# Expression of Dirac Delta Correlation

spatio-temporal white noise $$\xi(x,t)$$ is often expressed as

$$\langle\xi(x,t)\rangle=0,$$ $$\langle\xi(x_1,t_1)\xi(x_2,t_2)\rangle=\delta(t_2-t_1)\delta(x_2-x_1).$$

Now I understand that the first term means zero mean and the second term means Dirac delta correlation, i.e., zero correlation unless $$t_2=t_2$$ and $$x_2=x_1$$. First of all I think it is a strong assumption that there is zero correlation in space. However, this clearly depends on the problem.

My question is: What is the explanation of the second term? I understand that the RHS is always zero unless $$t_2=t_1$$ and $$x_1=x_2$$. But what about the LHS? Is this the mean of the product of two random variables? If yes, why should it be $$\neq0$$ if the mean of both variables is 0? Or does it mean something else?

• Mean, or expectated value, of two random variables multiplied is just their covariance (given the means of each here are zero). A normal variable has a mean of zero, but its variance certainly does not vanish. Dec 1, 2019 at 12:11
• I’m not sure that I’d say that white noise is “expressed as” but perhaps instead “has the properties of” would be better/more accurate Dec 1, 2019 at 12:15
• But the latter relationship is really saying that the process is uncorrelated with itself, no? That is, its autocorrelation is a delta function Dec 1, 2019 at 12:18
• When $t_1=t_2$ and $x_1=x_2$ you are calculating the average of something that is never negative, ie., the average of the square of the process $\xi(x,t)$, and that average cannot be zero unless the process itself is zero almost everywhere. Dec 1, 2019 at 12:58

Quite generally, a random noise is considered a generalized force (in Brownian motion: Collisions with the solvent molecules, e.g. water). The averaging you carry out is over all possible values of the force. A mean zero random noise is often a consequence of the assumption of an isotropic noise distribution -- any direction is equally likely, so $$\langle \xi(x,t) \rangle = \langle -\xi(x,t) \rangle$$ = 0. Obviously, this does not apply to the square of the force, $$\langle \xi^2(x,t) \rangle$$.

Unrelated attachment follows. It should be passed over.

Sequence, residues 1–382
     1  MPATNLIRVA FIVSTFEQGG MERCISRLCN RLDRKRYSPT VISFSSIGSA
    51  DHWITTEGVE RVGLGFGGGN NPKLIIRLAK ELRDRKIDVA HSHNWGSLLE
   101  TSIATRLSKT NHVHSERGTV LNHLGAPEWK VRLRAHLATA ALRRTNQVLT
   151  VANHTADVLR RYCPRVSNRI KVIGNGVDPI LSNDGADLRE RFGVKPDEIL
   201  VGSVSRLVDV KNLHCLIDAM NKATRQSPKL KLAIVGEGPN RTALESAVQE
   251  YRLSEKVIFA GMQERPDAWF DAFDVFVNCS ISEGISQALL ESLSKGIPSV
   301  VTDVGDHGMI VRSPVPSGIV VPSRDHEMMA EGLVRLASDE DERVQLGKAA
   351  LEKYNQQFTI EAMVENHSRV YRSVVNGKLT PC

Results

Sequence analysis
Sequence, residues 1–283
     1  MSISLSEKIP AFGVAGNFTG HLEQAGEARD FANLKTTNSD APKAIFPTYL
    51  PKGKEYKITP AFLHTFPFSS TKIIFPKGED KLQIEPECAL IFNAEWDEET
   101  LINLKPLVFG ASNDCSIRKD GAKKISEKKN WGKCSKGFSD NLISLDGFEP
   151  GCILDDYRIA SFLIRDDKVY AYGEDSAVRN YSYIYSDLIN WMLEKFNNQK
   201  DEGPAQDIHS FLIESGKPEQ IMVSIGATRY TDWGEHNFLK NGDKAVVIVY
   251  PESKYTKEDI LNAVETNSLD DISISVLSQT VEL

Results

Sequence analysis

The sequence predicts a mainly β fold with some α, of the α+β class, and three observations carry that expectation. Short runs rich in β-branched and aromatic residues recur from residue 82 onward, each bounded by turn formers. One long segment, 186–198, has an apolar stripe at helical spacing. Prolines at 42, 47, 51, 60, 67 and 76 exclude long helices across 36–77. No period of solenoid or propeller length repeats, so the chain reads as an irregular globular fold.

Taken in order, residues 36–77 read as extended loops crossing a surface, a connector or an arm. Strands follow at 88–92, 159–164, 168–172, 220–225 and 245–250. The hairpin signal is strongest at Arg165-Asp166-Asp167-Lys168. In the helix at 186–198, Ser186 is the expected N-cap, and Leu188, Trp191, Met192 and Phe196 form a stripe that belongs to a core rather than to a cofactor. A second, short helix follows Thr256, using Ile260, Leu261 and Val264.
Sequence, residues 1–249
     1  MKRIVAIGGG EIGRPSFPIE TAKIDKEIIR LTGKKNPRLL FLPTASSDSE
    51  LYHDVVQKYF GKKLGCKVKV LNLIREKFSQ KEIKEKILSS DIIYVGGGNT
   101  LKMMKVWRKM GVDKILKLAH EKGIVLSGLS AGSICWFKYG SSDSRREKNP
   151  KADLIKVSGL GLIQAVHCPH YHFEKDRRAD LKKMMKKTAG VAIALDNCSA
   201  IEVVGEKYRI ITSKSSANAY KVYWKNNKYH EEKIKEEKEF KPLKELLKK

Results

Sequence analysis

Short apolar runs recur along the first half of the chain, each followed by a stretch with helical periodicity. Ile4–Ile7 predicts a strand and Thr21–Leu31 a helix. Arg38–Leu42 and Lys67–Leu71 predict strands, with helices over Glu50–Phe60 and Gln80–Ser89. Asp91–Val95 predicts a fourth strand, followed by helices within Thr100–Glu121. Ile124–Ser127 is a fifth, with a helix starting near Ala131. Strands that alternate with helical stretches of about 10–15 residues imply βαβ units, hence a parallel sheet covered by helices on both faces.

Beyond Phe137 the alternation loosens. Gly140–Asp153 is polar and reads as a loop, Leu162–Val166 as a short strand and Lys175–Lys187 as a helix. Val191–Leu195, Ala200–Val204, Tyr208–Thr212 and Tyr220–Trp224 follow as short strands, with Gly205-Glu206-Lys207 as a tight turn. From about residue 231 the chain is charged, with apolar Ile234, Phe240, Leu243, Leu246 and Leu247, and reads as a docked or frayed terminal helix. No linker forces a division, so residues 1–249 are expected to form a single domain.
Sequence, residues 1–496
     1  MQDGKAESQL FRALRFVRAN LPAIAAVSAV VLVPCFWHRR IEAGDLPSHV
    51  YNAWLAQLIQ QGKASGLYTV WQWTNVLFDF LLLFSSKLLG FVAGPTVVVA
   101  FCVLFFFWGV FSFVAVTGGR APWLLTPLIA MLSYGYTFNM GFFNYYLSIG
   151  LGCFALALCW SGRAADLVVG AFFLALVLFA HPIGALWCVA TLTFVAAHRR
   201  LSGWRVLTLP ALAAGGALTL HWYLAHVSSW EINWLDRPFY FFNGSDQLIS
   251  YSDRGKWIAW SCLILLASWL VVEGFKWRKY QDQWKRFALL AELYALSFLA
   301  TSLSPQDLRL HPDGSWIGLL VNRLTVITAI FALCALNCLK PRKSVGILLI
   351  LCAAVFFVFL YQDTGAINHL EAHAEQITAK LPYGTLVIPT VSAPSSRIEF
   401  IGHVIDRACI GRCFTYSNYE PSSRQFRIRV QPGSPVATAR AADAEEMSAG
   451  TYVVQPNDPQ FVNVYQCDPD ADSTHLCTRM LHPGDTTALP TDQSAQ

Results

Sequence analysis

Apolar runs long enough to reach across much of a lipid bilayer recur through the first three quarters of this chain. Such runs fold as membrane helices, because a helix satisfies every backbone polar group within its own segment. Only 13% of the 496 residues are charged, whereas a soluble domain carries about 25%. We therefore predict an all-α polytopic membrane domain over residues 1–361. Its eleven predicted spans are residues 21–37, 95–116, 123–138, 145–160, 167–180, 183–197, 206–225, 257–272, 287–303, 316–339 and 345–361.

This is a matter of scales. Every process has its time and length scale. The assumption of $$\delta$$-correlation is sensible if the length and time scale associated with the fluctuation of your random force are negligible compared to the time and length scales associated with the motion of your particle (or random field, whatever your system is describing). Let's take two length scales, the microscopic length scale $$l_{\textrm{mic}}$$ and a mesoscopic length scale $$l_{\textrm{mac}}$$. Now, ignoring time dependence, the random noise correlation in your system may be of the form $$\langle\xi(x_1)\xi(x_2)\rangle = C e^{-|x_1 - x_2|/l_{\textrm{mic}}}$$. The constant may depend on $$l_{\textrm{mic}}$$. But for $$l_{\textrm{mic}} \ll l_{\textrm{mac}}$$, the exponential will drop off very fast on the length scale you are solving your Langevin equation (or what it may be) on. In principle, you will end up with integrals of the form $$\int_0^l \textrm{d}(|x_1 - x_2|)\langle\xi(x_1)\xi(x_2)\rangle = C\int_0^l \textrm{d}r e^{-r/l_{\textrm{mic}}} \ {\color{red}=}\ C\int_0^{{\color{red}\infty}} \textrm{d}r e^{-r/l_{\textrm{mic}}} = C l_{\textrm{mic}}.$$ The red equality is due to the fact that $$l \sim l_{\textrm{mac}}$$ will be a macroscopic length scale and we can extend the integral to infinity. Therefore, it is a reasonable approximation to just replace the correlation by a $$\delta$$-function with a proper coefficient.